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Toxicol Appl Pharmacol. 2002 Apr 1;180(1):36-42.

Interferon-alpha2b secretion by adenovirus-mediated gene delivery in rat, rabbit, and chimpanzee results in similar pharmacokinetic profiles.

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  • 1Canji, Inc., San Diego, California 92121, USA.


Gene delivery, with subsequent protein synthesis and secretion, in vivo has been proposed as an alternative way to deliver a therapeutic protein to the systemic circulation. Interferon-alpha (IFN) protein is effective in the treatment of viral and malignant diseases but has short serum half-life that requires frequent administration. An E1 region-deleted adenovirus vector encoding human IFN-alpha2b gene driven by the cytomegalovirus immediate early promoter (rAd-IFN) was generated to assess the serum concentration-time profiles of expressed IFN protein in animal models. Intravenous administration of rAd-IFN, normalized for body weight, resulted in dose-dependent serum IFN concentrations that persisted 8-40 days with similar concentration-time profiles in rats and rabbits. We sought to determine if serum concentration-time profiles in the rat and rabbit animal models would be predictive for a larger animal and would therefore be relevant models for potential dosing of human patients. Two chimpanzees (approximately 70 kg) dosed with rAd-IFN by intravenous administration normalized to body weight achieved serum IFN concentration-time profiles similar to those observed in rats and rabbits. The role of the immune response in limiting the persistence of transgene expression was highlighted by the persistence of serum IFN concentrations for over 200 days in beige/SCID immunodeficient mice. These studies suggest that serum concentration of secreted transgene products after gene delivery in small animal models may be highly predictive for larger species and will help define dosing strategies in human patients.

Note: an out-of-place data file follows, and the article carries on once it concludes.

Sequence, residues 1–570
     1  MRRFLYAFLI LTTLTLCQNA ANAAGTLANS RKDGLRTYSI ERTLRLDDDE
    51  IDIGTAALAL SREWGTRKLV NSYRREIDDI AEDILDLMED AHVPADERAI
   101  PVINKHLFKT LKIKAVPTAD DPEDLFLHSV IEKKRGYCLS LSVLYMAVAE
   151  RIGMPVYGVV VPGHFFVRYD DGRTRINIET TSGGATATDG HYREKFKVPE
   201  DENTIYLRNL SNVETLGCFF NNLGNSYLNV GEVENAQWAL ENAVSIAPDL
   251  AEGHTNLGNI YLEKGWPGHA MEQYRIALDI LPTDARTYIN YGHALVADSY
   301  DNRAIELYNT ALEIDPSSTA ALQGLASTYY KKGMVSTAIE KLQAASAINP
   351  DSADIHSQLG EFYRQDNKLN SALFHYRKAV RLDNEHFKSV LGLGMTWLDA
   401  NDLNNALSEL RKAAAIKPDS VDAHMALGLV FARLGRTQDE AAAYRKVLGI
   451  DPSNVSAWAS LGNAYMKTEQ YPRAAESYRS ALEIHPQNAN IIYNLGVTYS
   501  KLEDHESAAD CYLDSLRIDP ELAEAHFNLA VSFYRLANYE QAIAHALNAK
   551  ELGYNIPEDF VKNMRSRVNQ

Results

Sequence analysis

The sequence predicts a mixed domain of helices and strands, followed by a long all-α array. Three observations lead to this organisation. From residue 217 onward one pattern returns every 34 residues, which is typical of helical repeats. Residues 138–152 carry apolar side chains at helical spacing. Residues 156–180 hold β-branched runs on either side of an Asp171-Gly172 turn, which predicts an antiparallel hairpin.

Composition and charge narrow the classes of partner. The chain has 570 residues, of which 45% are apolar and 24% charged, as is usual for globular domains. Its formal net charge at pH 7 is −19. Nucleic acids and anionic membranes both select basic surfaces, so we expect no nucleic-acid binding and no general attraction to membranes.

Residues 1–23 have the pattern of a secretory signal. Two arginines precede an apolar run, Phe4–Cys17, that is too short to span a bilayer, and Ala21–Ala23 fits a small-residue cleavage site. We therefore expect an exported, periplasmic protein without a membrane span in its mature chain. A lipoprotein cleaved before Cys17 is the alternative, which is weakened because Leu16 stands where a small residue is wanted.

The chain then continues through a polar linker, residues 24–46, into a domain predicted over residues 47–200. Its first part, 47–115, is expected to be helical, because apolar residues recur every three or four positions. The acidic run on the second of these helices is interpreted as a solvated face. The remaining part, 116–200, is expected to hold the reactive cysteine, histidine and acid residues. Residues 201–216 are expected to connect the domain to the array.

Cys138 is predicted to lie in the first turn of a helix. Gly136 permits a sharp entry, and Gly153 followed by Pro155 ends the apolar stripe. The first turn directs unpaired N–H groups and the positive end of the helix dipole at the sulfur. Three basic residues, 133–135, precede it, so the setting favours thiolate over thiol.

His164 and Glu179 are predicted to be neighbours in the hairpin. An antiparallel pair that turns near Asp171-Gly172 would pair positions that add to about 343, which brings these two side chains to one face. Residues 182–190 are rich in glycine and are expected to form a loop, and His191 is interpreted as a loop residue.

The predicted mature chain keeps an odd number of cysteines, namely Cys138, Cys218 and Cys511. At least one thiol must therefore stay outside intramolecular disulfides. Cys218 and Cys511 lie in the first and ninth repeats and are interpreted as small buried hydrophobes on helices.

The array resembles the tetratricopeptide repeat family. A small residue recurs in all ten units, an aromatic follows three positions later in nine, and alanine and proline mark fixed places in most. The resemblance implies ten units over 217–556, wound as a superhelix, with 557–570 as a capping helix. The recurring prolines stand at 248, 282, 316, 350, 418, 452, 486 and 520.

(c)2002 Elsevier Science (USA).

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